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Sci-Fi Heartbreakers?

Started by ghostwolf, April 28, 2004, 04:54:06 PM

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Matt Machell

QuoteI think that a successful SF game would have to make sure that in fact and perception it focuses on the PCs and not their stuff

I think this is an important thing to consider. Most SF games take the trappings of SF without the human depth.

At its heart SF asks questions. Given that technology X exists, how does humanity react? Most SF RPGs ignore this facet, or bury it too deeply behind equipment lists and starship creation rules.

So what would stand out, to my mind, is a more Narativist approach to SF.



Ahhhh,  Accessability, that's the word I was looking for.  And I'm pretty sure that Rob has captured in his reply exactly what I was striving to say.  The comment on Literary preference keys in perfectly with why Shadowrun is so popular (imho), since it stives to blend the fantasy aspects with sci-fi and doing it quite well.

This may also key in to why near-future games seem to do better than far-future space epics.  The average player is better able to understand the technology as it applies to humanity.  Anyone can understand a cybernetic prosthesis, heck, we're on the cusp of that technology today, but understanding complex spacecraft, detailed alien civilizations (that aren't just humans with pointy ears) and hard science... such concepts seem to drive some players away, push them out of their 'comfort zone' as it were.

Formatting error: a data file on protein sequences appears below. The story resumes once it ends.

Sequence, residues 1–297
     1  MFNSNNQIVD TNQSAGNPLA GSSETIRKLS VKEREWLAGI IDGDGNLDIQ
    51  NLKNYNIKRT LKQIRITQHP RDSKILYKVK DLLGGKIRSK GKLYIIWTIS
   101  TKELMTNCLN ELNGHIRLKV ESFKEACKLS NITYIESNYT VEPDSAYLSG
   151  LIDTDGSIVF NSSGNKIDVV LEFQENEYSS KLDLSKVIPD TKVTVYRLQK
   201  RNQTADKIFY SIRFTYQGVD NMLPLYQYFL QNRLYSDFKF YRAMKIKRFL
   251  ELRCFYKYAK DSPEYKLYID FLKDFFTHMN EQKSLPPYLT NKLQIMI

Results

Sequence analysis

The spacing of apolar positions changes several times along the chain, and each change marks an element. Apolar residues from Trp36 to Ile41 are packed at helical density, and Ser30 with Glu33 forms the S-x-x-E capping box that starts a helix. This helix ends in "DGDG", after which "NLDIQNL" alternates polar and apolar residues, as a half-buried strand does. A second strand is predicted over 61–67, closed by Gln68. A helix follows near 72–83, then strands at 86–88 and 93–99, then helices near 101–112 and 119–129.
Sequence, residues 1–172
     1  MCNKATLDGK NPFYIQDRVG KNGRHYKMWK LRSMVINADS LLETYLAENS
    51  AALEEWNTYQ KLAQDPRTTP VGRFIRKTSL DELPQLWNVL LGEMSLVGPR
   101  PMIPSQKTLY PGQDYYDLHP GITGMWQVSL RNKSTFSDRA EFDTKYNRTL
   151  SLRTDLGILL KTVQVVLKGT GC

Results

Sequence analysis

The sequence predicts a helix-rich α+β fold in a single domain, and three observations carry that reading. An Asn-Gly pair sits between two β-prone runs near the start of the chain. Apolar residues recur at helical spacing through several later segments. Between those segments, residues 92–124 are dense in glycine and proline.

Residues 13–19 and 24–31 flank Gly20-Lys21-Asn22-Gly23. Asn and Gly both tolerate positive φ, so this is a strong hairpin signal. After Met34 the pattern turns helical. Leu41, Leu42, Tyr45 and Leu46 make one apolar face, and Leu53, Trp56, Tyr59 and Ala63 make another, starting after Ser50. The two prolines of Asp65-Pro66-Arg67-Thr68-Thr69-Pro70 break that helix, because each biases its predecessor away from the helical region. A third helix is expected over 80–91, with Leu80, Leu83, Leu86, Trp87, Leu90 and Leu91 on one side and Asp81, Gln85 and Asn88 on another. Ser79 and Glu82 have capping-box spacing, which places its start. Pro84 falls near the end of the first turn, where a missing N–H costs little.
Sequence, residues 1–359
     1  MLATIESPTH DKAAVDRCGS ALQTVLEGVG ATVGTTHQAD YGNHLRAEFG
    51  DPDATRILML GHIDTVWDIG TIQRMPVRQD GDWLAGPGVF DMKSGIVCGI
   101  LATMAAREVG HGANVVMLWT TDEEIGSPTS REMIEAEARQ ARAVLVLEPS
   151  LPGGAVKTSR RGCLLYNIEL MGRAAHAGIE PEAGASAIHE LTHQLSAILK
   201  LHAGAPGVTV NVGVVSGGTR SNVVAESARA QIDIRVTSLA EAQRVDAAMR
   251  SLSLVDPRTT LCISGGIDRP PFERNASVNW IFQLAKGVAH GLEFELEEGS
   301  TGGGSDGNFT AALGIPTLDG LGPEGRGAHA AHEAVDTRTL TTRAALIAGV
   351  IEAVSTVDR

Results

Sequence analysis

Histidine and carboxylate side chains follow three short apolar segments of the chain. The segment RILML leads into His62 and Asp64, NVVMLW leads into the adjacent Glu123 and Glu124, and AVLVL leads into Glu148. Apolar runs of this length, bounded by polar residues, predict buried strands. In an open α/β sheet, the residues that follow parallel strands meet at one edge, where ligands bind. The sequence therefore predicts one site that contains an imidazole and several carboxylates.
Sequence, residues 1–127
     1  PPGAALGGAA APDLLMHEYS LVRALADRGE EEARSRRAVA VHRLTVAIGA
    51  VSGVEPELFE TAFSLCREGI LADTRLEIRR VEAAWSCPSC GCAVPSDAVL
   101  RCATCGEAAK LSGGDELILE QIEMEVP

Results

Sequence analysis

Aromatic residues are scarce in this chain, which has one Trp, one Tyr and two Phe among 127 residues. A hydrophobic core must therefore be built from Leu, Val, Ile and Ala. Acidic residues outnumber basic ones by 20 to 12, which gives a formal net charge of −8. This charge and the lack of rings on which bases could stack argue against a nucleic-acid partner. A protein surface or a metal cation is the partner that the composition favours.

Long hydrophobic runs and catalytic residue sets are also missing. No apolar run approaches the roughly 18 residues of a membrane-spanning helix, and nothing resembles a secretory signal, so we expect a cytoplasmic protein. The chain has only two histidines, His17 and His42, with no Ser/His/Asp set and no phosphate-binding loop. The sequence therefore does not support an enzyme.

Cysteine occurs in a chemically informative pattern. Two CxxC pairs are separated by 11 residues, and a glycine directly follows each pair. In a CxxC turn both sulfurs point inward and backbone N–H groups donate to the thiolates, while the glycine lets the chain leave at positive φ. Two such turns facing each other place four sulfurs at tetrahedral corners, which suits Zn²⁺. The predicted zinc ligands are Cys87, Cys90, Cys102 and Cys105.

I'm not really comfortable addressing Narrative style CA at this time, still trying to come to grips with that particular type of roleplay.  Almost all of the gaming I've done has been Sim with heavy gamist drift, or vice versa.


O own a copy of an SF heartbreaker at home - I bought it in the very early 90s and wish I could remember the name. I'll try and dig it out at the weekend.

It's got all the Heartbreaker elements:

Byzantine character generation system.
Equaly byzantine combat rules mechanics.
Painfully slow and complex character advancement.
Stock character races, including a samurai kitty race with crystaline katanas!

The obligatory startship design rules are actualy quite streightforward and flexible, and space combat does seem like a good effort at a fast paced and playable system.

The game system is basicaly a massively over-engineered version of Call of Cthulhu, but at least it does avoid being a Traveller clone. There are no trade rules, there are robots and the setting is more (self-conciously) space-opera and star-warsy.

A general note - SF Heartbreakers benefit from the fact that the SF genre has a greater number of iconic source matter to draw from. With fantasy the ultimate source is Tolkien, and D&D draws heavily on Tolkien thus easily locking everyone in to a narrow definition of the genre. With SF you've got Star Wars and Star Trek that are the twin stars of popular SF culture, and the genre as a whole is more mainstream so there's a much smaller risk of the genre ghetoisation you get with fantasy.

Simon Hibbs
Simon Hibbs